On Sept. 8, 1966, a show that was originally pitched as “Wagon Train to the Stars” first premiered. While the show never grabbed a wide audience in the three seasons before it was canceled by NBC, Star Trek gained a following through reruns. Several attempts were made in the 1970s to get a second series or film on air, and the franchise took advantage of the upswell in popularity of science fiction films in the late 1970s when its first film, 'Star Trek: The Motion Picture,' premiered in December 1979.
Thursday marks 50 years since the franchise’s first episode, “The Man Trap,” aired. Through the highs and lows, the Star Trek series and films are still viewed by millions of people each year through syndication, DVDs and online. Its creations on the shows have influenced modern technology, namely cell phones. The characters of Kirk and Spock, as well as Picard and Data from ‘Star Trek: The Next Generation,’ are part of pop culture. Conventions are held around the world each year for the shows and films, and many actors have made appearances on one of the franchise’s shows or movies (Kirstie Alley, Ashley Judd, Tom Hardy, Christian Slater, Seth MacFarlane and Christopher Lloyd, just to name a few).
To commemorate this milestone, here are 10 original series episodes that fans and non-fans alike can enjoy. These are in no particular order.
“The Trouble with Tribbles,” first aired Dec. 29, 1967
If you’ve never seen Star Trek, you’ve probably seen an image of Captain Kirk up to his elbows in balls of fur. Those balls of fur are tribbles, all of whom started from a single one brought onto a space station in the episode by a trader. The episode also showcases a frequent foe in the Klingons and has a few lighthearted moments.
“Space Seed,” first aired Feb. 16, 1967
This is another episode non fans may know of, mainly due to the introduction of Khan Noonien Singh, portrayed by the late Ricardo Montalban. The future movie villain and his crew of augments are discovered by the Enterprise crew and revived, and the events of the episode set up 1982's 'Star Trek II: The Wrath of Khan.'
“Arena,” first aired Jan. 19, 1967
While it hasn’t gone down in history as one of Trek’s best, “Arena” provides a bit of camp from the action to the makeshift cannon Captain Kirk uses in the episode. While chasing a Gorn ship responsible for the destruction of a Human colony, Kirk and the Gorn captain (a big green lizard) are taken from their ships to fight on a planet with their ships and crews on the line.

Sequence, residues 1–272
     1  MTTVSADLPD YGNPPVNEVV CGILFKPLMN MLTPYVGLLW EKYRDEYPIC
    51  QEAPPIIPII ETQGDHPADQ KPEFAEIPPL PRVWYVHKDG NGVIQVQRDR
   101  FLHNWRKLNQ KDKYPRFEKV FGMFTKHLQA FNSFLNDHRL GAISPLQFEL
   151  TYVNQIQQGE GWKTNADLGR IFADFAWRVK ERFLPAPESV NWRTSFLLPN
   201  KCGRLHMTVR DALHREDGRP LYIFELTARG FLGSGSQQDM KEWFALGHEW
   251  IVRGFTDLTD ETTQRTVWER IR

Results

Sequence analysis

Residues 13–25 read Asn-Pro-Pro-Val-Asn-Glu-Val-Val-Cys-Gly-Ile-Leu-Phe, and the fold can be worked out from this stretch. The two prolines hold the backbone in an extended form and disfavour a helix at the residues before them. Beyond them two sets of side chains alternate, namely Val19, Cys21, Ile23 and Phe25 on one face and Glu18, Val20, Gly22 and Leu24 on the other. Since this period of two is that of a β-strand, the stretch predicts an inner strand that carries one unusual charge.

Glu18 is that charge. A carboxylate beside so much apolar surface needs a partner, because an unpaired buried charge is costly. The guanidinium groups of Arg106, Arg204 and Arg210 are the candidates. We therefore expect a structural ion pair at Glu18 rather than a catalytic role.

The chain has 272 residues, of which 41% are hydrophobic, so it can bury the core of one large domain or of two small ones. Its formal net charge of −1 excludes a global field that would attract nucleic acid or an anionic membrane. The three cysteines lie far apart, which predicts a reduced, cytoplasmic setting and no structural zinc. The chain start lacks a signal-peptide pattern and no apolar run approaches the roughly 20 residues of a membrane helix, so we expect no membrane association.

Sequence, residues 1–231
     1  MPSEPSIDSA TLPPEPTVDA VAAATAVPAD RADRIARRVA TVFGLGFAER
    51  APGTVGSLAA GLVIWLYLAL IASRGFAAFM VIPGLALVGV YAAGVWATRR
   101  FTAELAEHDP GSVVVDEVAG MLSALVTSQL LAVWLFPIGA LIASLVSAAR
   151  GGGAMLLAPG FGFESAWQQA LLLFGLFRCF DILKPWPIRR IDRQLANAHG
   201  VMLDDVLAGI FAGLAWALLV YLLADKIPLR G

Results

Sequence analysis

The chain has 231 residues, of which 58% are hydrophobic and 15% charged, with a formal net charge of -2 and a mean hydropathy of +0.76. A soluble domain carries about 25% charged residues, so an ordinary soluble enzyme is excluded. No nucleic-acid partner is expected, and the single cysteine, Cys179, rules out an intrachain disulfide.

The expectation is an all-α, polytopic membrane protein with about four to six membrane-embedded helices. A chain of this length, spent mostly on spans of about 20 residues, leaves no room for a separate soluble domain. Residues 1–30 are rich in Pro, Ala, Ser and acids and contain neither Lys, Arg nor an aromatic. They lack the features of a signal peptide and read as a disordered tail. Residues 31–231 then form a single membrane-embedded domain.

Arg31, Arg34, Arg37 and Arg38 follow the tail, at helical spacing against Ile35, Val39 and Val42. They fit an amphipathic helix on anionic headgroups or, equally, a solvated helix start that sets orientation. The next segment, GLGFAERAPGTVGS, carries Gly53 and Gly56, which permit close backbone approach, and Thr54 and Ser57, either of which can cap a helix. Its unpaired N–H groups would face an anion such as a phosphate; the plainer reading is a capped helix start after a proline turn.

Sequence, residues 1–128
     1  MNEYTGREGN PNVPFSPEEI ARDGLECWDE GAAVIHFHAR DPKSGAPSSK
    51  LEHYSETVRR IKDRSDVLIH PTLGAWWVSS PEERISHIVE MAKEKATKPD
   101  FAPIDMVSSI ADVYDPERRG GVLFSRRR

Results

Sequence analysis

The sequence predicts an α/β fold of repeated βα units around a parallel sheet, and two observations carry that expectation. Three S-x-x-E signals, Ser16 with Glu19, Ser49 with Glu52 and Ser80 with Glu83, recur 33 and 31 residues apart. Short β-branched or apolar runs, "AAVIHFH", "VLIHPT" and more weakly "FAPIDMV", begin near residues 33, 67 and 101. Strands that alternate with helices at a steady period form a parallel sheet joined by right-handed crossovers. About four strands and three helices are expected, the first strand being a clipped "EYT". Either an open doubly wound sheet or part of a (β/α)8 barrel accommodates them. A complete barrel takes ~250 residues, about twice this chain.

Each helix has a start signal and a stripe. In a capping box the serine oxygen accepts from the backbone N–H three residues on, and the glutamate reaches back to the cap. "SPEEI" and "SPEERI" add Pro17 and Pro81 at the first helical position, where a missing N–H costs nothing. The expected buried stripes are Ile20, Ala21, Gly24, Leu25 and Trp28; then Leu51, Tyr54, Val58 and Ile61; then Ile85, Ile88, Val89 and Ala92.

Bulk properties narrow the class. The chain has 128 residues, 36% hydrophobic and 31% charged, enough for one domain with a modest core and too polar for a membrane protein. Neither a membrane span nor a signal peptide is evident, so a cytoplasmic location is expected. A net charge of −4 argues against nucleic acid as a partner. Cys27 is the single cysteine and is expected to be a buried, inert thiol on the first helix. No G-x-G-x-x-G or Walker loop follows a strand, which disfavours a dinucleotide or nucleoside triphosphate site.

“Amok Time,” first aired Sept. 15, 1967
The show’s second season started with an episode focusing on Spock and the Vulcan culture. Returning home to marry and mate as part of a biological need, Spock's relationship with his home world and his crew are tested.
“Journey to Babel,” first aired Nov. 17, 1967
The show’s lore states the Federation was founded by four planets: Earth, Vulcan, Andoria, and Tellar. This episode gives the audience its first look at both Andorians and Tellarites, as well as explores Spock’s relationship with his parents.
“Balance of Terror,” first aired Dec. 15, 1966
An homage to classic submarine films like 'The Enemy Below' and 'Run Silent, Run Deep,' this first season episode introduces a new alien species in the Romulans and shows the physical similarities between them and the Vulcans. It is also Mark Lenard’s first appearance in the franchise, though subsequent appearance would be as Spock’s father Sarek (and a brief appearance in ‘Star Trek: The Motion Picture’ as a Klingon).
“City on the Edge of Forever,” first aired April 6, 1967
An episode regarded by many as the best in the original series, “City on the Edge of Forever” examines how changing one moment could lead to dramatic changes in the future. Dr. McCoy, suffering from an overdose, uses an ancient device and travels to the 1930s New York. His actions erase the Enterprise from time, leading Kirk and Spock to follow and try to repair the timeline.
“Let That Be Your Last Battlefield,” first aired Jan. 10, 1969
Star Trek was known for tackling social issues of the time, and this season three episode was one that tackled persecution and racial equality. The Enterprise is caught in a 50,000-year-long chase between a convicted revolutionary and an official from their planet’s Commission on Political Traitors.
“The Menagerie,” first aired Nov. 17 and 24, 1966
The only two-part episode from the original series, “The Menagerie” introduces the audience to Kirk’s predecessor and shows footage from the first unaired pilot. Clips from that original pilot, “The Cage,” is shown in Spock’s court-martial after he kidnaps Fleet Capt. Christopher Pike, hijacks the Enterprise, and directs it toward a forbidden planet.
“Mirror Mirror,” first aired Oct. 9, 1967
Another familiar episode to non fans, this second-season episode introduces the Mirror Universe and puts an evil spin on the crew (notably Spock’s goatee). Kirk, Scotty, Dr. McCoy and Uhura are transported to the Terran Empire's ISS Enterprise after a transporter mix-up, and must work to make their way home while dodging assassination attempts.
CBS Television Studios announced a sixth live-action series, titled 'Star Trek: Discovery,' in 2015. That series is set to take place 10 years before the original series, and premiere in January 2017.
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